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Banks aid predatory lenders, US says

NEW YORK — Federal prosecutors are trying to thwart the easy access that predatory lenders and dubious online merchants have to Americans’ bank accounts by going after banks that fail to meet their obligations as gatekeepers to the US financial system.

The Justice Department is weighing civil and criminal actions against dozens of banks, sending out subpoenas to more than 50 payment processors and the banks that do business with them, according to government officials.

In the new initiative, “Operation Choke Point,” the agency is scrutinizing banks big and small over whether they, in exchange for handsome fees, enable businesses to illegally siphon billions of dollars from consumers’ checking accounts, according to state and federal officials briefed on the investigation.


The critical role played by banks largely plays out in the shadows, because they typically do not deal directly with Internet merchants. What they do is provide banking services to third-party payment processors, financial middlemen that, in turn, handle payments for their merchant customers.

Yet the crackdown has already come under fire from congressional lawmakers, including Representative Darrell Issa, Republican of California, who heads the House Oversight Committee. The legislators have accused the Justice Department of trying to covertly quash the payday lending industry.

In the first action under “Operation Choke Point,” Justice Department officials brought a lawsuit this month against Four Oaks Bank of Four Oaks, N.C., accusing it of being “deliberately ignorant” that it was processing payments on behalf of unscrupulous merchants — including payday lenders and a Ponzi scheme.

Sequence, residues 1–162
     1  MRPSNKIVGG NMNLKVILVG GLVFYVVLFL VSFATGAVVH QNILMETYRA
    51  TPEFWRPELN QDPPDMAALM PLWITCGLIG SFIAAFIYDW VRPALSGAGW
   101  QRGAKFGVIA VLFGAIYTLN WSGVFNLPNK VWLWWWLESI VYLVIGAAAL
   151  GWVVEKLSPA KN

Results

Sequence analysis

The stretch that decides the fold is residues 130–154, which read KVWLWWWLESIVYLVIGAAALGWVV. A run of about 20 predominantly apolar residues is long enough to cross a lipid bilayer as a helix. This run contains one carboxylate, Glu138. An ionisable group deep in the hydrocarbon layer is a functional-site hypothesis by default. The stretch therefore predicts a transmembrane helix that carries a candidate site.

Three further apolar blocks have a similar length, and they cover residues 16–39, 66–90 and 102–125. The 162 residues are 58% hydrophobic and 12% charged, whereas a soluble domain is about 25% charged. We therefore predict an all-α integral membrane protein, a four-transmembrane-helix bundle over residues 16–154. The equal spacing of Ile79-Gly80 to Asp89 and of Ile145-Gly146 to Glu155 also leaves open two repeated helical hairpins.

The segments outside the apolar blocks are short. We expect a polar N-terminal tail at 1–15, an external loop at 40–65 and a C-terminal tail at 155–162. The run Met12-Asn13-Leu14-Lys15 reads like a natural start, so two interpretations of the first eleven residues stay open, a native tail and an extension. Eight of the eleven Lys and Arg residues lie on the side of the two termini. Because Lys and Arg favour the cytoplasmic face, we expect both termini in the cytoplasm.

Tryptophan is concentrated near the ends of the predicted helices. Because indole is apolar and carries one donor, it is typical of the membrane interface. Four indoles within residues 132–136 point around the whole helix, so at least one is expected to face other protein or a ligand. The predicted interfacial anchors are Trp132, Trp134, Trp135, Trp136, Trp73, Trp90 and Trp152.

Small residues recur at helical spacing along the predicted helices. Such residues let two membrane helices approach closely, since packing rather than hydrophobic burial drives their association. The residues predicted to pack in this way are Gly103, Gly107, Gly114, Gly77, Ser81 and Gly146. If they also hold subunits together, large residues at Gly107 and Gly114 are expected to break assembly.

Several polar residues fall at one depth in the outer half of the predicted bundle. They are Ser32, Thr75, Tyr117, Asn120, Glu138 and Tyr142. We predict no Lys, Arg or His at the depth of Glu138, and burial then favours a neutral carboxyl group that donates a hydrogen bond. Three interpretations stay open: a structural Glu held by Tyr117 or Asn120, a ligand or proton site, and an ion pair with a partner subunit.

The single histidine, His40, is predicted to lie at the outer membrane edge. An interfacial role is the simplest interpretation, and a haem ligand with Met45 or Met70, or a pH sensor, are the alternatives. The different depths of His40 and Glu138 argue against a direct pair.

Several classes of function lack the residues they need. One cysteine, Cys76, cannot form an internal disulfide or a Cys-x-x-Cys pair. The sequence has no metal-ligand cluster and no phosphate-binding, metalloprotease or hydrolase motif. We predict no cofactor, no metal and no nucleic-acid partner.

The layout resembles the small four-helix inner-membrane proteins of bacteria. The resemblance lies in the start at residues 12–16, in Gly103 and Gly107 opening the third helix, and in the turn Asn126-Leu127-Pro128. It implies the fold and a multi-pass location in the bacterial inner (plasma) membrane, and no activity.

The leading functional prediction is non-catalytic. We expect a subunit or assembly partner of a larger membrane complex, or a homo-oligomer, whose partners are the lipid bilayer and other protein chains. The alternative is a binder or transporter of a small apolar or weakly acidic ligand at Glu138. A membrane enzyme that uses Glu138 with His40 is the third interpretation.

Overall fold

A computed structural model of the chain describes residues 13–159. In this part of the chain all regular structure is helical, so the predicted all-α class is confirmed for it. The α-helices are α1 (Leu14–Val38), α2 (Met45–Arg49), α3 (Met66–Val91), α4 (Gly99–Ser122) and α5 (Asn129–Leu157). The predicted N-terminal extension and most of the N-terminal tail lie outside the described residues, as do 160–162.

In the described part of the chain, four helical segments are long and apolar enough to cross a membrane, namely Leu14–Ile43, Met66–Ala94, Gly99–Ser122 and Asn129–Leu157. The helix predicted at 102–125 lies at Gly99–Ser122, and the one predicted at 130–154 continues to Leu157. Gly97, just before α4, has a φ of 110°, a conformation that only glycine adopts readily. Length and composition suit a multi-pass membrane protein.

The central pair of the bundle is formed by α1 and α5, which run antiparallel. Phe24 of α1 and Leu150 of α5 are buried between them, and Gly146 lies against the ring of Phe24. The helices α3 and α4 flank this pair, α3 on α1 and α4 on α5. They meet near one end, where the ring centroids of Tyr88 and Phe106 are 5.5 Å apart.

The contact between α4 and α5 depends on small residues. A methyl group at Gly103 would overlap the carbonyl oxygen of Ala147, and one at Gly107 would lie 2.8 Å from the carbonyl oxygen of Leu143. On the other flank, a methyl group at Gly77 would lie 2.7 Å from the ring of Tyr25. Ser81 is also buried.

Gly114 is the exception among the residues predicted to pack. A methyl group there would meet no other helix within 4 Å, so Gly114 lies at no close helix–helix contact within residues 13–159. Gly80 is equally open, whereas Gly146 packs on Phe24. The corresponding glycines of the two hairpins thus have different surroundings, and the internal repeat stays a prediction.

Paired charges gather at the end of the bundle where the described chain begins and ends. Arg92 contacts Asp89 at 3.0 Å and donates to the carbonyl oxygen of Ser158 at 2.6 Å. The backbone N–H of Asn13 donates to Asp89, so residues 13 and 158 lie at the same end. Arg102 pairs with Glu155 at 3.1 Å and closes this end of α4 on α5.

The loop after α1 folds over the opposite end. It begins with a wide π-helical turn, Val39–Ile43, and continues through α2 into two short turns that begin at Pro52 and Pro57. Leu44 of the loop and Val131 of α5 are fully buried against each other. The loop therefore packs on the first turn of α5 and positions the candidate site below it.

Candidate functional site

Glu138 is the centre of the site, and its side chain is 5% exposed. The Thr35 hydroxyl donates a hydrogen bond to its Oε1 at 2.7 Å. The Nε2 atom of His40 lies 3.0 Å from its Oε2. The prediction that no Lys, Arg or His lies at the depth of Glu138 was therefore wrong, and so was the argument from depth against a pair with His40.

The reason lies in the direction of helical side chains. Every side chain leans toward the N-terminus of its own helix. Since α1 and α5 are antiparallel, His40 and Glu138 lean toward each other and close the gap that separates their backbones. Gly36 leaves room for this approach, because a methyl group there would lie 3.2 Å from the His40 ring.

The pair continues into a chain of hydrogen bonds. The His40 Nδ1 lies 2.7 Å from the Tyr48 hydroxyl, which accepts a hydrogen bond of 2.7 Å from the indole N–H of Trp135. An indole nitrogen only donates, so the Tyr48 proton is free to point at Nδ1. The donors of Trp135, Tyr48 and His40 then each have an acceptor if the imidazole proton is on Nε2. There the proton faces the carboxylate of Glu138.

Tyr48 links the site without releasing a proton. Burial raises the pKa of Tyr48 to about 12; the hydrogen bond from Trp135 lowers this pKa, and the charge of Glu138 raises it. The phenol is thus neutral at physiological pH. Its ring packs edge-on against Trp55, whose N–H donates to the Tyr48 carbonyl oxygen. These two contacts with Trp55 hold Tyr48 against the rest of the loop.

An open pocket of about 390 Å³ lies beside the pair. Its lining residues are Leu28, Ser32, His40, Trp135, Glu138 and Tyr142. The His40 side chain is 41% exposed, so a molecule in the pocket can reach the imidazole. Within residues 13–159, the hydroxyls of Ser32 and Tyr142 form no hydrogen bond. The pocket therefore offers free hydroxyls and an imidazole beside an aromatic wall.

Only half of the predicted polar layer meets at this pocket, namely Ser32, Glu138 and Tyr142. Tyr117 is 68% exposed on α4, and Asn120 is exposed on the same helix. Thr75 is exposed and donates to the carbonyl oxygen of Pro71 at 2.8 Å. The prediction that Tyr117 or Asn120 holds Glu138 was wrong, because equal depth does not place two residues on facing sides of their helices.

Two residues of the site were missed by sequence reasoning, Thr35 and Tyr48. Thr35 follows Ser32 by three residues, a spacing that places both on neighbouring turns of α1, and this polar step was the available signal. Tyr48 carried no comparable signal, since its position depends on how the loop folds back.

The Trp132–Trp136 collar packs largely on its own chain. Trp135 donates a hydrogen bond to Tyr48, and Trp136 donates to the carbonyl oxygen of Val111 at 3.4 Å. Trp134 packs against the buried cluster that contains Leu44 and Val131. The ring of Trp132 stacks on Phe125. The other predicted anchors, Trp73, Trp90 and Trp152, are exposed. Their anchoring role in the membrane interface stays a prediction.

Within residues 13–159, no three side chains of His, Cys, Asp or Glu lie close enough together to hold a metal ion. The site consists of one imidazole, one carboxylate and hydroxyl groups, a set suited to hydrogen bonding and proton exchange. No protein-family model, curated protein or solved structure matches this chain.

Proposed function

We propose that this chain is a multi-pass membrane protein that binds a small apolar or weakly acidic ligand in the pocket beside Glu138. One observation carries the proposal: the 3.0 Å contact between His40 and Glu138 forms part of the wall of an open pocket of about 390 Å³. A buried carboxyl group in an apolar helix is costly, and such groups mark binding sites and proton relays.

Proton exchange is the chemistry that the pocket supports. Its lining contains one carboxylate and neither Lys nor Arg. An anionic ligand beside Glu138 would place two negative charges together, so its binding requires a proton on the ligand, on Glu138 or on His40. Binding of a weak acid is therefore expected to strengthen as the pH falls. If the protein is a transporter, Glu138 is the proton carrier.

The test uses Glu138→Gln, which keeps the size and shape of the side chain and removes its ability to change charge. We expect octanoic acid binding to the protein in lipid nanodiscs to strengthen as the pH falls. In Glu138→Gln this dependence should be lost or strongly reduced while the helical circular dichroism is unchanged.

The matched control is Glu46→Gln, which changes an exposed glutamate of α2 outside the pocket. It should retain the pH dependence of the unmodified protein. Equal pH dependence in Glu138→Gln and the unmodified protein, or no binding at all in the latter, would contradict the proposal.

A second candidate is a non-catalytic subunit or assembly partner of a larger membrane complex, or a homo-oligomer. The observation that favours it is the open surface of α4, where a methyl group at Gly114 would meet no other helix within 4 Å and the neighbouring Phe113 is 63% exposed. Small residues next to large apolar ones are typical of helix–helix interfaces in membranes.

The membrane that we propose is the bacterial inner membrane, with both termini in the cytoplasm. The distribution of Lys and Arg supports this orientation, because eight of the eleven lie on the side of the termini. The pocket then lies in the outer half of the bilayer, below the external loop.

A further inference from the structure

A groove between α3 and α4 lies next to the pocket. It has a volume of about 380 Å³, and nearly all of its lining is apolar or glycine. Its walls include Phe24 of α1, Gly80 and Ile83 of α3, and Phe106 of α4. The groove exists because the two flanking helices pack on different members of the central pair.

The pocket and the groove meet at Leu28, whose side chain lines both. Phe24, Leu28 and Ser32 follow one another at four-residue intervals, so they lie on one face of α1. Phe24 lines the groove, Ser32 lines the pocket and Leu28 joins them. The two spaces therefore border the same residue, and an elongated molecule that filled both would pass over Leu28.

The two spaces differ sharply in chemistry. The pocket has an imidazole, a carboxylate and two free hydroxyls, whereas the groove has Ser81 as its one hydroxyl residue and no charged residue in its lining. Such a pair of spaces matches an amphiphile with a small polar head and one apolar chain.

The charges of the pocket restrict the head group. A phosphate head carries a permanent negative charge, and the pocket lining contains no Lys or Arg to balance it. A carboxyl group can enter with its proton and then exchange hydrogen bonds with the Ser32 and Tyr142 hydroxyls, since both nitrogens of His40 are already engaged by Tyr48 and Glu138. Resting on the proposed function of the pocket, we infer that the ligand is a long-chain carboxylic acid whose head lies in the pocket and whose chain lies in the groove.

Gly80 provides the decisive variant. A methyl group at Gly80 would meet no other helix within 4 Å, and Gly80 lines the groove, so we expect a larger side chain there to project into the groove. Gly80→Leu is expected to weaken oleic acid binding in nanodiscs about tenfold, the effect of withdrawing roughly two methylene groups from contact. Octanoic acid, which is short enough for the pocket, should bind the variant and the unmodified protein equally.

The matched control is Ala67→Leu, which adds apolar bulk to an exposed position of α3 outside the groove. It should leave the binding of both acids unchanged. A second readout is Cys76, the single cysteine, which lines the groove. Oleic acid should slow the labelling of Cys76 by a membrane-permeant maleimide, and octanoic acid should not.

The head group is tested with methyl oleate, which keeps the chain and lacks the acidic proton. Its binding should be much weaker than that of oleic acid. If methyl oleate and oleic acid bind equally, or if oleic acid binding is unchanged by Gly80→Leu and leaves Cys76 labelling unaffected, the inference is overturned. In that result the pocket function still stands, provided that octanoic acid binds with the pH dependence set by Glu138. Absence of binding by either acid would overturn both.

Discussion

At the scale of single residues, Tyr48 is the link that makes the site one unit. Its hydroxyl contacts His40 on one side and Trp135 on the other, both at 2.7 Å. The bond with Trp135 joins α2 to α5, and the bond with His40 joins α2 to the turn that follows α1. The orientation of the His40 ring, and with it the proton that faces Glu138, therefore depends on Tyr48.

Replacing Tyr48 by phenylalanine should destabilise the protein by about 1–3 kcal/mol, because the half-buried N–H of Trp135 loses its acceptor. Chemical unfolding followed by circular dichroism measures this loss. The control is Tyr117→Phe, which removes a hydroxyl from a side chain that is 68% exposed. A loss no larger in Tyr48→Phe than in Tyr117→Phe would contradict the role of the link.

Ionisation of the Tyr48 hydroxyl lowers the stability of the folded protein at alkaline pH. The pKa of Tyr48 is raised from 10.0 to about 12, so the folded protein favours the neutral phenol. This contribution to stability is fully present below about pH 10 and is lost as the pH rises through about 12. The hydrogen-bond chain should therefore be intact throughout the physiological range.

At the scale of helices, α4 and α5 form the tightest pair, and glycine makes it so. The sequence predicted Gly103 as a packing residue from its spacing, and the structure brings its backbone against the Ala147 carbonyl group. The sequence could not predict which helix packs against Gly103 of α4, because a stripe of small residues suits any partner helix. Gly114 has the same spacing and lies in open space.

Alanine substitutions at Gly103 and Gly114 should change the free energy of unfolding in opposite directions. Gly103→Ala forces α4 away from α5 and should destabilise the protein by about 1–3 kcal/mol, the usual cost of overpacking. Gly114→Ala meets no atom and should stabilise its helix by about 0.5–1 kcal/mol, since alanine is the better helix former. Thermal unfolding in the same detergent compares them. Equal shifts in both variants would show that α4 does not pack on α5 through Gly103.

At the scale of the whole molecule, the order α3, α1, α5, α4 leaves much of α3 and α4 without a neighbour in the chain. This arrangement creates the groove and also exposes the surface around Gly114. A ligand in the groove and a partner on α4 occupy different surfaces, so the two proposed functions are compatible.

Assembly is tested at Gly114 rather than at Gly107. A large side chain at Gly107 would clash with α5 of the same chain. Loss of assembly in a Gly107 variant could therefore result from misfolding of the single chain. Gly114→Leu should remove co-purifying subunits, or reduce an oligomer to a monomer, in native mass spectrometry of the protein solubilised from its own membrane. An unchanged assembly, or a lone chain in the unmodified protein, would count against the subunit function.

As a result, prosecutors say, the bank enabled the companies to illegally withdraw more than $2.4 billion from the checking accounts of customers across the country.

The new, more rigorous oversight could have a chilling effect on Internet payday lenders, which have migrated from storefronts to websites where they offer short-term loans at interest rates that often exceed 500 percent annually. As a growing number of states enact interest rate caps that effectively ban the loans, the lenders increasingly depend on the banks for their survival.


With the banks’ help, the lenders who typically work with a third-party payment processor that has an account at the banks are able, authorities say, to automatically deduct payments from customers’ checking accounts, even in states where the loans are illegal.

Short-term lenders argue that the loans, when used responsibly, can provide vital credit for borrowers largely frozen out of traditional banking services, while state law enforcement officials say the lenders still have to abide by state restrictions.

And the payday industry has its defenders. Issa has begun an investigation into Operation Choke Point, according to a letter addressed to Attorney General Eric Holder.

In the January letter, Issa accused the Justice Department of trying to “eliminate legal financial services to which the department objects.”

Some victims of unscrupulous payday lenders are pointing fingers at banks, arguing that without the aid of Four Oaks and banks like it, they never would have been plunged deep into debt by the pricey loans.

Bankers shrugged off evidence, even direct warnings from law enforcement officials, that their lender clients were violating state law, prosecutors say.